Aftermath

Amateur radio operator K7ICM transmitted news of the quake at 11:43 p.m. (MST). At 11:50 p.m., another amateur in Idaho contacted the Idaho State Police who in turn contacted their headquarters in Boise. The Montana Highway Patrol, Montana State Civil Defense and the Montana Department of Fish, Wildlife and Parks also received word of the earthquake and its effects. The geography of the area plus the damage from the earthquake disrupted and/or obstructed radio communications, making broadcasting accurate information about the quakes effects difficult.[6][page needed]

The Yellowstone County Chapter of the American Red Cross, Salvation Army and various other local, national, and organizations from multiple states sent aid to the victims of the earthquake. The Red Cross also set up temporary housing in Bozeman and the Wyoming Department of Health sent 200 trailers to the Yellowstone area to be used as hospitals.[7] Because the majority of the roads in and around the Yellowstone area were either damaged or blocked by the landslides and the quake, equipment and personnel from the United States Air Force and the U.S. Forest Service were brought in to transport the injured to nearby hospitals outside the quake zone and to perform search and rescue missions in Madison Canyon. 300 people trapped in the canyon were rescued.[6][page needed] Rescuers found five[6][page needed] to nine bodies in the earthquake zone.[7] Residents from the town of Ennis, were evacuated to Virginia City[12] and Butte.[13]

Road damage from the earthquake, 1959 image
Road damage from the earthquake, 1959 image

Senators and Representatives Frank Moss (D-Utah), John Baldwin (R-California), Harold Johnson (D-California), Lee Metcalf (D-Montana), Leroy Anderson (D-Montana), Tom Morris (D-New Mexico) and Gracie Pfost (D-Idaho) flew over and surveyed the disaster area.[7] The Senate Interior and Insular Affairs Committee requested Montana Governor J. Hugo Aronson to declare the areas hardest hit by the quake a disaster area.[11] Wyoming Governor John J. Hickey provided help and equipment in the aftermath of the quake.[12] The Montana National Guard was called to the quake area to prevent looting of campsites left abandoned by the quake.[13] The Idaho National Guard were also sent to the quake area.[15] The Montana Highway Department began clearing roads of debris and mud.[6][page needed] The work was slowed by aftershocks and smaller landslides.[7] On August 19, US Highway 20 and US Highway 191 were reopened while Montana State Highway 1 remained closed. Three bridges in Duck Creek, Cougar Creek and Madison Canyon were repaired and reopened as well. Because of the threat of gasoline spilling into the Missouri River, a local pipeline company built an emergency pumping station.[12] The Montana Power Company surveyed Hebgen Dam and found it sustained minimal damage.[12] Hebgen Lake was completely drained for crewmen to make repairs and to rid it of dead or dying fish. Overall repairs to the Yellowstone National Park amounted to US$2.6 million (equivalent to $22.8 million in 2019).[6][page needed]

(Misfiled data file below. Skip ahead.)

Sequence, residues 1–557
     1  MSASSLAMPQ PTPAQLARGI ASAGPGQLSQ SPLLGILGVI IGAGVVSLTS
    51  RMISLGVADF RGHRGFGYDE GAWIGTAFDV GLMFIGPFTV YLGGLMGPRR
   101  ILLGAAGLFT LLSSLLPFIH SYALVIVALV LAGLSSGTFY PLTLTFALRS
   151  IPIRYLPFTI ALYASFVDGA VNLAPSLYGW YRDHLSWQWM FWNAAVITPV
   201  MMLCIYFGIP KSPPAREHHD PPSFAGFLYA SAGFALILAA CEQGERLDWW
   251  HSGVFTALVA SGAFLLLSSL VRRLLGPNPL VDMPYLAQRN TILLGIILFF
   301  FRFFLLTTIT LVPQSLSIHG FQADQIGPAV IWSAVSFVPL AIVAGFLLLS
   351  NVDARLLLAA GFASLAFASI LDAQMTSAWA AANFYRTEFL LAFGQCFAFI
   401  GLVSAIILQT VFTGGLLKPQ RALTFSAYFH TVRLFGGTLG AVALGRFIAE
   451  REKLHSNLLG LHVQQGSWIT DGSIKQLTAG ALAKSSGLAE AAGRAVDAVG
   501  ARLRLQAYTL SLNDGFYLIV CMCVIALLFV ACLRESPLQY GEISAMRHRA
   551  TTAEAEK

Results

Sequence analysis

Fifty people including police officers, members of the Red Cross and others held a memorial service a mile north of the slide in Madison Canyon for campers presumed buried under the quake-induced landslide. The services lasted for 15 minutes.[7] After the quake, the U.S. Forest Service built the Quake Lake visitor center on top of the landslide[4] which was completed in 1967.[17] The U.S. Forest Service placed a plaque on one of the boulders that fell during the quake to honor the 19–21 people who were killed during the quake-induced landslide.[6][page needed]